DadInsteadofMum Wed 23-Jun-10 13:20:17

With regards to going back to school my kids missed just the day their mum died and the day of the funeral. Kids respond well to routine and what they know feels safe to them so going back to school soon can be a good thing.

I can relate to the walking around in a daze thing as well. We were fed because meals turned up on the dorrstep (even now 2 years on I have a Lasagne dish I have no idea who to return to). The kids were clothed because the house sprang ironing fairies (laundered clothes would disappear and return freshly ironed.

You are doing all the right things; you are going around and just doing stuff, saying just call if you need anything is never enough, if you are not even sure which way is up then you have no idea what it actually is you need doing. So just more of the same and wait for him to find his feet again.

And even after he appears to have found his feet he will still need support, people are very good at putting a brave face on things when they still need help.

Jux Wed 23-Jun-10 18:48:01

DD didn't want to leave the house even, let alone go to school. If she couldn't see us she thought she would find us dead. Mind you, altogether in two years we'd had 7 family deaths, 1 cat, 2 guinea-pigs, 3 big fish from our pond, 1 van and 1 computer. (I felt that the Trend of Death was going in the right direction - people, pets, fish, vehicles, technology grin).

In the end she missed practically a whole term.

If the boy wants school it's a good thing as long as they're up to speed and respond well.

admylin Thu 24-Jun-10 07:37:30

Dadinsteadofmum, did you have to learn things like how to cook, iron, use washing machine etc? This dad can't do anything - even when his wife was in hospital over the past 6 months he has fed himself and son on take away, macdonalds and cheese sandwiches. He can't iron and dh and I are going to help him tiday his place up but he needs to learn the ropes from the bottom up.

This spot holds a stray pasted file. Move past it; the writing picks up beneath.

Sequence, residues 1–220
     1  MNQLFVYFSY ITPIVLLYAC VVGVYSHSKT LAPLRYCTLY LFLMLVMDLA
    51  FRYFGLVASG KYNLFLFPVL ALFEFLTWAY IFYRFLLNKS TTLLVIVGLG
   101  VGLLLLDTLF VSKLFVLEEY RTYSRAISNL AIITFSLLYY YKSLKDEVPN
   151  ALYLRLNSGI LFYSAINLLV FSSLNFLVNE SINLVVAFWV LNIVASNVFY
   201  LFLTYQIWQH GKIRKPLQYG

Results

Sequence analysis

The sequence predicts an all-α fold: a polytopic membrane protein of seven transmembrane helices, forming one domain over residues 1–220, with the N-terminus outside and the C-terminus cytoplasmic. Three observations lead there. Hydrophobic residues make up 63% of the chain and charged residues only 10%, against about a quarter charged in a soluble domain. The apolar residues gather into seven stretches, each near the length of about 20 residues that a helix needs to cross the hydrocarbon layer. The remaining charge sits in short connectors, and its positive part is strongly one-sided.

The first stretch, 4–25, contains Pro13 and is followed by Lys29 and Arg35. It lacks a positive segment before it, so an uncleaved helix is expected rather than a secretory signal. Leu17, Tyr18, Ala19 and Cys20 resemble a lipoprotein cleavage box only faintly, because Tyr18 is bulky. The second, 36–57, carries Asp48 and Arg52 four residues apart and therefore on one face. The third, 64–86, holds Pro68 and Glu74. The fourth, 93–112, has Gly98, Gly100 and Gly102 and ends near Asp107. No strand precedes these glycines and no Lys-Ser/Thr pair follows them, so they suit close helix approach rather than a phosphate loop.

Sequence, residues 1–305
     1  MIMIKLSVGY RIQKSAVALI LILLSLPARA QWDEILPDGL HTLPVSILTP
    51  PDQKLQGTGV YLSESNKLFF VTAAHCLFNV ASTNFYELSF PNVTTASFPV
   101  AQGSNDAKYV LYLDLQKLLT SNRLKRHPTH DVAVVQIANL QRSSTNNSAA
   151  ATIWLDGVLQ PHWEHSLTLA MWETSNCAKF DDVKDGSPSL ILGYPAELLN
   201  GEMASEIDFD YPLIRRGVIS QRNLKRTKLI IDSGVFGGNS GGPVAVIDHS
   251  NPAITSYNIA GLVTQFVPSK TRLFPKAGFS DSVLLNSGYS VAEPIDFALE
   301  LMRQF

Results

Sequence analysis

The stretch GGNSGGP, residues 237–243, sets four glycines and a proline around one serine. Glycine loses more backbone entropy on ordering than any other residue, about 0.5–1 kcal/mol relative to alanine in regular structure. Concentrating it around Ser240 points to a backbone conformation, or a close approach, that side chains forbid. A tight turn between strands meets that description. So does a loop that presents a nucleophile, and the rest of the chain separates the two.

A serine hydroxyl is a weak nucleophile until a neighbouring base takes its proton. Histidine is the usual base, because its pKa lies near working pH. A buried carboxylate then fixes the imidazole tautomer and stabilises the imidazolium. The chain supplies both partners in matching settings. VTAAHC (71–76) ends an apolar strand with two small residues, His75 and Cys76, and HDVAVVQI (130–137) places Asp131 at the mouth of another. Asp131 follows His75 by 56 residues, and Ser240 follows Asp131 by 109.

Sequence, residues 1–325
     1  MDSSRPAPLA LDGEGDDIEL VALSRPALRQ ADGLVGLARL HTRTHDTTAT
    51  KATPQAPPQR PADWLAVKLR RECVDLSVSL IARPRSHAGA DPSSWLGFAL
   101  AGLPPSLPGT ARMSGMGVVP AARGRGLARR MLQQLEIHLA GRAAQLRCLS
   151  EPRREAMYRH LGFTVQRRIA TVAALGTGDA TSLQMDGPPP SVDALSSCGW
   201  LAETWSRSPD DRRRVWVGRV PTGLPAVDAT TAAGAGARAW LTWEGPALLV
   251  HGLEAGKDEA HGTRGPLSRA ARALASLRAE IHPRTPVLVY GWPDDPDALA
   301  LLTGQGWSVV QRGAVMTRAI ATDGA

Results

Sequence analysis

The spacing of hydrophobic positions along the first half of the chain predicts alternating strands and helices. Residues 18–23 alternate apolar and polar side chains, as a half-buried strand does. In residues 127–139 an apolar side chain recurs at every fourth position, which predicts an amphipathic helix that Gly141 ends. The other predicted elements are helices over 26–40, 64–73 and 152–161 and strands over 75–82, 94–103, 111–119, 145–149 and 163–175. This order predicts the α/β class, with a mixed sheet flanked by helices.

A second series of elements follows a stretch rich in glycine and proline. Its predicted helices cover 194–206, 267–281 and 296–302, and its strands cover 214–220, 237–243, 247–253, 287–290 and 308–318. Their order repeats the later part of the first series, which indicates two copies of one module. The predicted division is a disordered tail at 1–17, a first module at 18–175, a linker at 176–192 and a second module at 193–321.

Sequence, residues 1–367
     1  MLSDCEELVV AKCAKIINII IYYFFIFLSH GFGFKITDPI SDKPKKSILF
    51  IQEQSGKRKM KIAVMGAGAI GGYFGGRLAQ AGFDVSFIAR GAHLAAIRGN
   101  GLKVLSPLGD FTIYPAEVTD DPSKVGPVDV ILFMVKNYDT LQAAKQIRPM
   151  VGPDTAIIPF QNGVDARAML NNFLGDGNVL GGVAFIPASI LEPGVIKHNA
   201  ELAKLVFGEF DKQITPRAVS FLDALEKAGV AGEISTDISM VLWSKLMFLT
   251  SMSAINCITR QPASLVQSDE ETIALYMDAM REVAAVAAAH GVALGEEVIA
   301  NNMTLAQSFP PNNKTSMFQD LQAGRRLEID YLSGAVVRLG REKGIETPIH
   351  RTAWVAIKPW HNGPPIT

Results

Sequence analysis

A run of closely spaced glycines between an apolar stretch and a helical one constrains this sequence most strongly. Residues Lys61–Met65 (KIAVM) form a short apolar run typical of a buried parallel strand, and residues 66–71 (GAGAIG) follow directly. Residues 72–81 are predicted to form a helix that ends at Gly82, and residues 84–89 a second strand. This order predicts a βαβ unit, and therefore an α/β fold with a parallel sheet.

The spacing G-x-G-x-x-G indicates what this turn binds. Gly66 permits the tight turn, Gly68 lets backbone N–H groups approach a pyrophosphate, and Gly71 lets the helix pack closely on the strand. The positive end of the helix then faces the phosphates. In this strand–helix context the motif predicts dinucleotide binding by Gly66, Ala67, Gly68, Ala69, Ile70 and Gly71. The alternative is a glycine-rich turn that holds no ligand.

I had the boy over yesterday afternoon , he came at 3pm and he and ds went out to play table tennis but came back half an hour later saying the boy felt dizzy so I asked him what he had eaten that day and he said nothing sad I gave him a bottle of water and some fruit and an ice pop then he felt better and they played on the computer - I made the evening meal early knowing he must be hungry and he ate his portion and then asked if I wouldn't mind making him a cheese toasty aswell.

I hope things get better soon, the funeral still isn't sorted out but the dad siad he was going to start the ball rolling today.

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thumbwitch Thu 24-Jun-10 07:57:40

admylin - it might be a good idea if you can give the DS some hints on how to care for himself - at 12 he could be starting to know how things work if his mum were still around. Maybe, without being too overt about it, you can show the DS how to work the washing machine, how to cook simple food, how to iron his own clothes. It's not ideal and the Dad should be the one learning - but if he's not managed it in 6m, he might be either resisting or doesn't think it matters. Even my Grandad, who was 86 when my Nanna died, learnt how to use a washing machine and to do basic cooking - he'd never done it in his life before.